Photo courtesy of US Senate

Korean War Veterans Association closes doors

January 16, 2019 - 7:00 am

For 13 years the Korean War Veterans Association of Mohave County has served not only veterans but the community as a whole, but due to a decline in membership, held its final meeting Jan. 5 before closing its doors.

The Korean War Veterans Association, a national organization with chapters all throughout the country, set up shop in Mohave County in 2005 when the need was realized.

“I guess the powers to be down in Phoenix decided ‘let’s see how it looks up there,’ said Sharon Gilfoil, Mohave County KWVA secretary. “They knew there were a lot of veterans up here, because that covers Bullhead City and Lake Havasu City (as well as Kingman).”

The first meeting in 2005 proved that there was a need for the organization in Mohave County, with Gilfoil saying some 80 people were in attendance. That translated to about 50 veterans signing up to become members, 40 of whom Gilfoil said were extremely active throughout the years in events and at meetings, which were held at VFW Post 10386.

“They wanted the association really bad, they were happy with the camaraderie it provided,” Gilfoil said. “That hall would be full of members.”

She said that from the beginning her husband, Bill, stayed in contact with other veteran organizations, such as the Vietnam Veterans, as well as the City of Kingman and the Elks to further promote KWVA. She said Bill and other members of the county’s KWVA would volunteer for flag raisings whenever possible to help keep the chapter fresh in everyone’s minds.

Gilfoil said the organization had good participation from its members early on, but over time, those numbers began to wane for a multitude of reasons. The root of almost all of them, Gilfoil said, was age.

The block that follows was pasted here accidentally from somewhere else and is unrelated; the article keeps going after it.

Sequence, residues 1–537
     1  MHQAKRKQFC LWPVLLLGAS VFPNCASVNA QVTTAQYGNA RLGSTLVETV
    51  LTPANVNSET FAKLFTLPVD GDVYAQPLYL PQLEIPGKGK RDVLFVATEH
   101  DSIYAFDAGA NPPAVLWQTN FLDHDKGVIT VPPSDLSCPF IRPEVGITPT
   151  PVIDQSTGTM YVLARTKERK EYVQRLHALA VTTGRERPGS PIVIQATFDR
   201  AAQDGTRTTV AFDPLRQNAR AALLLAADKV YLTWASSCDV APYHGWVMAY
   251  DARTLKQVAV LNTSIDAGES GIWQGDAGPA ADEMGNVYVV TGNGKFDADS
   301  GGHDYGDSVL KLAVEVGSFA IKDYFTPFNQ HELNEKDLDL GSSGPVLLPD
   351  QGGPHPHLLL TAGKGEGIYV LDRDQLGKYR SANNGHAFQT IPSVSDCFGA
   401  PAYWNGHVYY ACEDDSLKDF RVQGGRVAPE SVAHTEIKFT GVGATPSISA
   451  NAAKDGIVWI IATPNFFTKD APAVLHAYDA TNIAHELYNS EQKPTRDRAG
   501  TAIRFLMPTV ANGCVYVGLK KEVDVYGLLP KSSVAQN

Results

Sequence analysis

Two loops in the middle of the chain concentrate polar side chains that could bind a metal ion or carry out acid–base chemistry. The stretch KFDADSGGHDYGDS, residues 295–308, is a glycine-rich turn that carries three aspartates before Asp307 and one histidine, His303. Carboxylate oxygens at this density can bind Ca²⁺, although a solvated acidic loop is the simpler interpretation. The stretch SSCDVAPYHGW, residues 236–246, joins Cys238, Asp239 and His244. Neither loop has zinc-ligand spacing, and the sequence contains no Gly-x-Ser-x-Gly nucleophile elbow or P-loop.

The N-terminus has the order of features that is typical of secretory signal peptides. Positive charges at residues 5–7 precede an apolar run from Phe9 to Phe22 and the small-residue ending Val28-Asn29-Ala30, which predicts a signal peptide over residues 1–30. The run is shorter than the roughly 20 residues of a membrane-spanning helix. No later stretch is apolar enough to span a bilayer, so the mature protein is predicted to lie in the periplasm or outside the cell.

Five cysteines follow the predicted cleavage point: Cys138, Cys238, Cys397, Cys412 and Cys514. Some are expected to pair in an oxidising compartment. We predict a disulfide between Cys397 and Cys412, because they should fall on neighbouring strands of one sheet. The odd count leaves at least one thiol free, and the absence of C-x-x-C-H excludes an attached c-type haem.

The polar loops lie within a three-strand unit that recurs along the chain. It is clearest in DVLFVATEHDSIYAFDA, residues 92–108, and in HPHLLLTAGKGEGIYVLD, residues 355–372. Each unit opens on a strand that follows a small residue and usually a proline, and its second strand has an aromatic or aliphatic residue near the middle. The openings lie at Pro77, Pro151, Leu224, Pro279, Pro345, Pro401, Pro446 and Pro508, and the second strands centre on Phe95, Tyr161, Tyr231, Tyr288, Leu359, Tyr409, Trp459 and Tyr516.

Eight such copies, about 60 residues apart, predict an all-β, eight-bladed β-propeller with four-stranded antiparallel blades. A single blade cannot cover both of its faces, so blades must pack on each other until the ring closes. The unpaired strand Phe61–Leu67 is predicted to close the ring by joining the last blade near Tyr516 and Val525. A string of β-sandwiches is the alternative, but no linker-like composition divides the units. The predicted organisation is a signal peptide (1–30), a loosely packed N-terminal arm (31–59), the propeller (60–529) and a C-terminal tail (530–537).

“A lot of people got sick, and just since my husband’s been gone, and that’s been 6 ½ years, we’ve lost seven members,” Gilfoil explained. “Quite a few of them had medical problems and had to move closer to the kids, or the wife had to move closer to the kids, so naturally the husband had to go.”

As membership continued to decline, the organization did everything it could to bolster its numbers. A Facebook page was created, Mohave County newspapers were contacted, as were senior centers. Mohave County KWVA even changed its rules to allow participation from service veterans from 1955 to present day.

“Whenever we’d see someone at the market who had a (veterans) cap on, we’d approach them,” said Jack Clark, commander of the county chapter.

Despite all that effort, the Mohave County chapter saw just one new member in the past three years. Between deaths, illnesses and members relocating to be closer to family members in their later years, the county’s KWVA had just eight local individuals on the list to receive its last newsletter.

The local KWVA went above and beyond during its 13 years, serving not only veterans, but the community as well.

“They gave scholarships to the college, they had several things they raised money for,” explained Beverly Clark, who became involved because of her husband, Jack.

And the Kingman community has likely seen some of the Korean War veterans riding on a vintage fire truck during annual parades. Throughout the years, donations were also given to VFW Post 10386, Cornerstone Mission, The Salvation Army, the Wounded Warrior Project, and the Jerry Ambrose Veterans Council. With what funds they had remaining after shutting down, the Korean veterans gave a $500 check to Wounded Warriors, $300 to VFW Post 10386 and $1,100 to JAVC.

“They’ve been great to this town, they’ll be sorely missed,” said Pat Farrell, JAVC president.

Jack expressed his appreciation to veterans and the community, and said it has been an honor to serve as commander. He also urged Mohave County residents to continue supporting the veteran community however they are able.

© Copyright 2018 The Associated Press. All Rights Reserved. This material may not be published, broadcast, rewritten or redistributed.